Now that classes and finals are over and the community awaits graduation festivities, the campus is quieter and calmer. Although the energy and excitement of the school year will be missed, we now have a chance to reflect on the year. We were very busy here at Radius, sponsoring and co-sponsoring many events that tackled topics ranging from environmental justice and sustainablity to nuclear weapons. While all of these larger events are a significant and vital part of our work, the most intensive, personal and sustained program is the undergraduate ethics seminar that we co-host with the Philosophy Department under the guidance of Professor Sally Haslanger. I had the pleasure of co-teaching the class with Alex Prescott-Couch, who was a post-doctoral fellow in the department.
This year's class, with 14 enrolled students and a number of "listeners", was engaged, curious, open-minded and open-hearted. We hosted eminent guests from both MIT and beyond to discuss topics that included the role of anger in social change, climate change, the future of employment and work, "alternative" news and racism. All of our guests helped the students navigate difficult questions and discussion around these issues and encouraged them to give voice to their thoughts and conclusions. Students were also required to attend three events, either on campus or off, that touch on an ethical issue.
One of our guests, David Howse, Managing Director of ArtsEmerson and Associate Vice President of Emerson College, shared his thoughts on how to talk about race with truth and dignity. He talked about his own journey and how he began to deliberately seek out difficult conversations about race instead of keeping silent and staying angry. He had wise advice for us. To encourage understanding and conversation, he gave us his Three S's: Self-Awareness, Surround yourself with others who are different, and Speak up to initiate and support change.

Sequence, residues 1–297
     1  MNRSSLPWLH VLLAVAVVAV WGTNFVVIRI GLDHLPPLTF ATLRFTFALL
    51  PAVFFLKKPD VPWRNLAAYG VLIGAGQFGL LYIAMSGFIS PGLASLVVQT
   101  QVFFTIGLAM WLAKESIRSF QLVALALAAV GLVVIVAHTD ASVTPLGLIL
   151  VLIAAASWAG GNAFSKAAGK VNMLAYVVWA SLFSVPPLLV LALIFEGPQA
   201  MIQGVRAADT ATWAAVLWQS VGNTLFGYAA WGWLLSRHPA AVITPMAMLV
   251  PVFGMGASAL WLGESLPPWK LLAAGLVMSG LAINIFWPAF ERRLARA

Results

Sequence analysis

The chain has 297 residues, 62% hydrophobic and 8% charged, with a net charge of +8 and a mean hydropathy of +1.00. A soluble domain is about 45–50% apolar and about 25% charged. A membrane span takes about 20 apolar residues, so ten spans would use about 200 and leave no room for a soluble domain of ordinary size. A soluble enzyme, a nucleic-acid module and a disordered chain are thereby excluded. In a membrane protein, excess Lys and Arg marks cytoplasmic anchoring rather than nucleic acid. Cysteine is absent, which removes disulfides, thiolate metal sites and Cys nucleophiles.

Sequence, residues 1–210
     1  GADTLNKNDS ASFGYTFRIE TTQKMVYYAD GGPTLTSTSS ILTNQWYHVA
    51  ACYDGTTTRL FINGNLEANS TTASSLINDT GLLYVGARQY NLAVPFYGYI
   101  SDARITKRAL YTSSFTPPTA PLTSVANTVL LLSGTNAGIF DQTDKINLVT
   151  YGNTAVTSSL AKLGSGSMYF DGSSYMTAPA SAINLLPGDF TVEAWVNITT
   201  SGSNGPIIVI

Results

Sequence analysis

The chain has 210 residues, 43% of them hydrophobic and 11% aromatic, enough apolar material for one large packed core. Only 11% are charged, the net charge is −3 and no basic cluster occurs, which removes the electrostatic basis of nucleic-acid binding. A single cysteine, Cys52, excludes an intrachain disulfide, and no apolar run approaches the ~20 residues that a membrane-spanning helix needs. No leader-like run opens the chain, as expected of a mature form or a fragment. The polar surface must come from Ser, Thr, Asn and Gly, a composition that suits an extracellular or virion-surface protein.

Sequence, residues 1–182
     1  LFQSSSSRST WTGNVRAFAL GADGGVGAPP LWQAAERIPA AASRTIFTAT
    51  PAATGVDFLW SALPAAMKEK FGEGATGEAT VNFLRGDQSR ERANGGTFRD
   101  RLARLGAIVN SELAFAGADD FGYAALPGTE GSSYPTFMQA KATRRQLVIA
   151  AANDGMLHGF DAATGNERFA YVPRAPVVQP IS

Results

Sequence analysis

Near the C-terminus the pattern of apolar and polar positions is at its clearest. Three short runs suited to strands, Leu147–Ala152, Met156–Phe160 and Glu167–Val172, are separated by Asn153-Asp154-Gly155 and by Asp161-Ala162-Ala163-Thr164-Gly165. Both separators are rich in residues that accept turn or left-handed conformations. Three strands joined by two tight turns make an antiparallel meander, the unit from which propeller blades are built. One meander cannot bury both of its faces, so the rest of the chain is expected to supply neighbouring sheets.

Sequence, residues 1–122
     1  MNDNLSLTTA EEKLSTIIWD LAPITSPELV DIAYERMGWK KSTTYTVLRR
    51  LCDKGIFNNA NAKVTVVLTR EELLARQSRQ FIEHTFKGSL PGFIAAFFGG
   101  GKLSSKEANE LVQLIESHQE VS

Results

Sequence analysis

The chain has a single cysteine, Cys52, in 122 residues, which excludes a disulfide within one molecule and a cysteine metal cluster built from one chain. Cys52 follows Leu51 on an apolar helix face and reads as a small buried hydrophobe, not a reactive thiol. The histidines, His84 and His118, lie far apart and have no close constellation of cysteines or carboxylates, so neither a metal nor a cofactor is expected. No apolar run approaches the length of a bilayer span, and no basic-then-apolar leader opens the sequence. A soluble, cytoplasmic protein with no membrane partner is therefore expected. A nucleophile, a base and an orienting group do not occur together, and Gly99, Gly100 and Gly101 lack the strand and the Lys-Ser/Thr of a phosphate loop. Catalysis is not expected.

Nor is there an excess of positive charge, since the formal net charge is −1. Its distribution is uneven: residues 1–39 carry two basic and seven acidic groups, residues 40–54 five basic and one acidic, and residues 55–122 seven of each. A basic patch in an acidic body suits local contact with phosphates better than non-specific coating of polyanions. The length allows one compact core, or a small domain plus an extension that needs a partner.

The last day of class is dedicated to students presenting brief, personal reflections on a topic of their choice. These reflections are always inspirational and moving. Themes were varied: social isolation, criminal justice, diversity and racism, the role and effectiveness of racism, purpose, and the line drawn between work life and private life. Many of the students wove David's Three S's into their presentations. His counsel resonated with all of us and in their final reflections, students commented on how powerful this advice was; not only in talking about race and racism, but other injustices that they are witnessing. We all agreed that this model is one we will take with us and keep in our hearts and minds.